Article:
Harper dashes any hope of 'vouching' at the ballot box

Canada's Prime Minister Stephen Harper talks during a demonstration of packing kitchen sets by the...

Canada's Prime Minister Stephen Harper talks during a demonstration of packing kitchen sets by the Canadian Red Cross that will be sent to the Philippines to help with the relief effort for Typhoon Haiyan, in Mississauga, April 3, 2014. (REUTERS/Mark Blinch)

Jessica Hume, National Bureau

, Last Updated: 5:04 PM ET

OTTAWA - Prime Minister Stephen Harper quashed opposition hopes Thursday that polling booth "vouching" could be restored in the government's controversial Fair Elections Act.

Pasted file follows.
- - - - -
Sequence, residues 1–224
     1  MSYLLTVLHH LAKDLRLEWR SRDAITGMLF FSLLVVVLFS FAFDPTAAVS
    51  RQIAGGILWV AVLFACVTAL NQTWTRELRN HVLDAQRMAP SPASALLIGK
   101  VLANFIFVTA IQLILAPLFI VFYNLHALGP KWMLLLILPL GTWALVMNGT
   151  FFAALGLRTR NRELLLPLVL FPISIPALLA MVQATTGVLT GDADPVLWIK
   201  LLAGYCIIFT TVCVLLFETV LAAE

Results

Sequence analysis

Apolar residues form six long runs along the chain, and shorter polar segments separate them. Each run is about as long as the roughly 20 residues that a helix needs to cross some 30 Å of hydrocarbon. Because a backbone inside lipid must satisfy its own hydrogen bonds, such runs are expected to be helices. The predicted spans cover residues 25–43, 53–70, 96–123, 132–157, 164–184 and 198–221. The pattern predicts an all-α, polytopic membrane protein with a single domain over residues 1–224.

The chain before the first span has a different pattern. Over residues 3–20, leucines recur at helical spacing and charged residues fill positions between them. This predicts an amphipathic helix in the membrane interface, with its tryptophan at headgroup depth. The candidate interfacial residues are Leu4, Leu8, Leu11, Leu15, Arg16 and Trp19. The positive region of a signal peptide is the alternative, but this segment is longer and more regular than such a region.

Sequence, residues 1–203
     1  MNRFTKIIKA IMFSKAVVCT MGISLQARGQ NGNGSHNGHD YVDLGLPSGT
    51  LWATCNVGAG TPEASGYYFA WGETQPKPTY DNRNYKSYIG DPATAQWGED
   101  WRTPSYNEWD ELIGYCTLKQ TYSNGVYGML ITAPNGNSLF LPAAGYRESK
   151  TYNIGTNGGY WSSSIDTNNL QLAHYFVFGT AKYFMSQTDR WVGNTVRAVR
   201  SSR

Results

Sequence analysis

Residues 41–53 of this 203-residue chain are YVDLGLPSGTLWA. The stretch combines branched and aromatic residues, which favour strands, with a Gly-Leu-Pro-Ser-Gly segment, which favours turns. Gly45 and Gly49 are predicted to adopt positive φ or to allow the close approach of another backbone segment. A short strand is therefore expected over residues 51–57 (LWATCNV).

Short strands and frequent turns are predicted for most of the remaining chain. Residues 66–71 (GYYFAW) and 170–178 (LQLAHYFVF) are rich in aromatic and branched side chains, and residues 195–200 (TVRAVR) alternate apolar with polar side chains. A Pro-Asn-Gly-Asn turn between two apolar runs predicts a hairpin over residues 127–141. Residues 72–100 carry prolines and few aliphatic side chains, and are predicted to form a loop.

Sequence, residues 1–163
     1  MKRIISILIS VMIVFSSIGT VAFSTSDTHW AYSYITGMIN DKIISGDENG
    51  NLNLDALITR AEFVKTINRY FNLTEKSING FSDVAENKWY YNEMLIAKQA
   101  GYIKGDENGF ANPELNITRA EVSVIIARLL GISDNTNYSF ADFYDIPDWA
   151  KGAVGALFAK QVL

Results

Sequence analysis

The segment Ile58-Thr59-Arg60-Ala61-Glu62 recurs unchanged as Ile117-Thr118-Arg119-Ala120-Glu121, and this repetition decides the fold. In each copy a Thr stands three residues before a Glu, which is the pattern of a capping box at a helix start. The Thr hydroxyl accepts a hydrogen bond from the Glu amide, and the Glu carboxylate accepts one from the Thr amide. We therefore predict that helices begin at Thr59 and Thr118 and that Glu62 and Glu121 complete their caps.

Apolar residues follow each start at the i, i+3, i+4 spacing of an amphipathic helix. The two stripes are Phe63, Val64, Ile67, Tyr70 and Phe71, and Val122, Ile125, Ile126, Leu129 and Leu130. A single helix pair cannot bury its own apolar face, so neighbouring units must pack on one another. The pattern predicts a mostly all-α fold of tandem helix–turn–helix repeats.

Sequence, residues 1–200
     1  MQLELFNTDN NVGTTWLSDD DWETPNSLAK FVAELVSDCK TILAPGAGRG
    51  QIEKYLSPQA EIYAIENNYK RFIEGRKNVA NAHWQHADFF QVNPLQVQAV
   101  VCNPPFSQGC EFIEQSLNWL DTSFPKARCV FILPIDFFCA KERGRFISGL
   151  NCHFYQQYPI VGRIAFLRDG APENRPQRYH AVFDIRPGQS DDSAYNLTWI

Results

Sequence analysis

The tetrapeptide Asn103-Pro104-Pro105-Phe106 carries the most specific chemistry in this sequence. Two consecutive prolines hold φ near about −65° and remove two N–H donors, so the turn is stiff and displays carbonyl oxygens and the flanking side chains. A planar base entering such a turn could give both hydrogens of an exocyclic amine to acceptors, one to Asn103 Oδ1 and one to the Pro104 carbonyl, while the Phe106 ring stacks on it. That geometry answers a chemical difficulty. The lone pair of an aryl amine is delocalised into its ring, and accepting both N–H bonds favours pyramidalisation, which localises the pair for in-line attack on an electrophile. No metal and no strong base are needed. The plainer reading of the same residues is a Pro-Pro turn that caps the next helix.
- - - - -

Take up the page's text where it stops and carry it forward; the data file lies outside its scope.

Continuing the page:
One of the most contentious aspects of Bill C-23 is the proposal to eliminate vouching - when a voter with valid identification vouches for another without proper ID.

Tories defend the move, saying it would prevent voter fraud and that there is currently 39 forms of ID that can be used to vote.

Opposition parties and other critics say eliminating vouching would disenfranchise voters - particularly seniors, students and First Nations, groups most likely to use vouching and least likely to vote Conservative.

Vouching has already been eliminated in at least five provinces and one territory. Testifying before a House committee Thursday, Assembly of First Nations CEO Peter Dinsdale said the bill appears to be unfair.


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